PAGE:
Comedian Joe Lycett recently announced on Twitter that he has officially changed his name by deed poll to Hugo Boss in response to the designer’s trade mark disputes with small businesses.
The bold move comes ahead of the launch of a second series of the programme ‘Joe Lycett’s Got Your Back’ which sees the comedian set himself up as champion of British consumer rights. After the stunt was revealed on Twitter, it will now come as little surprise to see him pursue the luxury fashion brand Hugo Boss, which was founded in 1924, in the coming series.
Hugo Boss (the designer) has particularly targeted two companies in recent years for use of the word ‘boss’ in their branding. The first, an award-winning Welsh brewery called Boss Brewing, received a cease and desist letter after applying to register its name as a trade mark in relation to classes including beer and alcoholic drinks. ITV reported that the small company had spent £10,000 on legal fees fighting the designer, and critics have been quick to point out the significance of this loss for a small company, in stark comparison to the designer’s sales of approximately 2.7 million euros in 2018. In the end, only two beers, Boss Boss and Black Boss, needed rebranding to ‘avoid conflict and potential misunderstanding’ but while the fashion house may be well within its rights from an IP perspective, poor PR handling of the situation has seen it painted as a Goliath which doesn’t do much for the brand as a whole.
The second PR disaster blew up over registration of the brand Dark Girl Boss by Khadijah Ward, a writer and entrepreneur advocating for female empowerment and intending to launch the brand and book of the same name on a variety of merchandise including clothes and fragrances. In an interview on BBC Sounds, Khadijah says she was ‘devastated’ by the letter she received from Hugo Boss warning her to delete all social media accounts in that name and withdraw her application immediately or face liability for legal costs. She has since been allowed to register her trade mark but again, the company’s heavy-handed approach is sparking public outrage thanks to Joe Lycett’s Hugo Boss spotlight.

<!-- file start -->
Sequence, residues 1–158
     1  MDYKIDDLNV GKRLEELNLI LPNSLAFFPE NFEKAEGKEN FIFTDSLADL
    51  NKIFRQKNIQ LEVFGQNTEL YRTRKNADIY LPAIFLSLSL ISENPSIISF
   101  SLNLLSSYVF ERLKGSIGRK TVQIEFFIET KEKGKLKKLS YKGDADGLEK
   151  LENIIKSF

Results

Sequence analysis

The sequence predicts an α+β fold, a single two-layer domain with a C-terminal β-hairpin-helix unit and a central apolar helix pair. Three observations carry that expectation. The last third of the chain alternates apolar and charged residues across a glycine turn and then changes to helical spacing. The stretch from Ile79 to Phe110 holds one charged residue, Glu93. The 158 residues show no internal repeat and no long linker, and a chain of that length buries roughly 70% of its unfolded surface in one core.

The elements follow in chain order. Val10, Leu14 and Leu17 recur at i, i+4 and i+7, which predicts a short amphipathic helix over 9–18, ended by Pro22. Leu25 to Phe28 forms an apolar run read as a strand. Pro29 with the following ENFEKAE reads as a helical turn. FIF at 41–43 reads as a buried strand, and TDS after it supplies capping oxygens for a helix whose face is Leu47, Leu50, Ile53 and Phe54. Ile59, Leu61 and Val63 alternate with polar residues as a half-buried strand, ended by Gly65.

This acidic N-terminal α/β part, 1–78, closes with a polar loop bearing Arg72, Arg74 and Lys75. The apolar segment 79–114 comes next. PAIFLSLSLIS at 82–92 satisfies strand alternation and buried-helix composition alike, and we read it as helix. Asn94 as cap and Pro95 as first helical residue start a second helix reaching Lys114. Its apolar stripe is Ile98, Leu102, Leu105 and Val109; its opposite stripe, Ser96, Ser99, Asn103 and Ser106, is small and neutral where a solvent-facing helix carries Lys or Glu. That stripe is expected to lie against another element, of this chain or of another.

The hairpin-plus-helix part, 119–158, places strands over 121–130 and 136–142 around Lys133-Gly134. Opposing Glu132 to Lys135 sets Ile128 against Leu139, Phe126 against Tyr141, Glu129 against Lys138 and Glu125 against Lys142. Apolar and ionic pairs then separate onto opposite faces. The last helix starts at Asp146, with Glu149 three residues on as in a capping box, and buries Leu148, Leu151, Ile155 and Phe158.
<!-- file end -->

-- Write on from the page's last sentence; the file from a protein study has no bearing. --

Hugo Boss attempted to make light of the comedian’s action, tweeting: ”We welcome the comedian formerly known as Joe Lycett as a member of the HUGO BOSS family.” For now though at least, it looks like the former Joe Lycett has had the last laugh. Making the most of the social media storm surrounding his tweet, he has since taunted Hugo Boss with the release of a brand new product under his new name and registration of the trade mark ‘Boss La Cease en Desiste’ for class 10 goods, specifically bandages. He quips: “FYI the opposition period for this ended on 27 February – did your cease and desist get lost in the post?!”, leaving the company to lick its wounds and fearing worse may yet be in store when the series airs on TV. That said, Hugo Boss seems to have overcome the much bigger PR obstacle of its eponymous founder’s past Nazi affiliations, famously supplying the soldiers’ uniforms in World War II, so perhaps this is just a wrinkle to be smoothed over on the way to another century of fashion design.
In any case, let us hope a valuable lesson has been learnt – PR and legal departments need to work together, rather than in a vacuum, and in order to avoid self-inflicted reputational damage, big brands should think twice in future about threatening legal action, whether technically in the right or not.
This article has been co-written with Mary Clare Palmer, a trainee solicitor in the commercial, IP and IT team.
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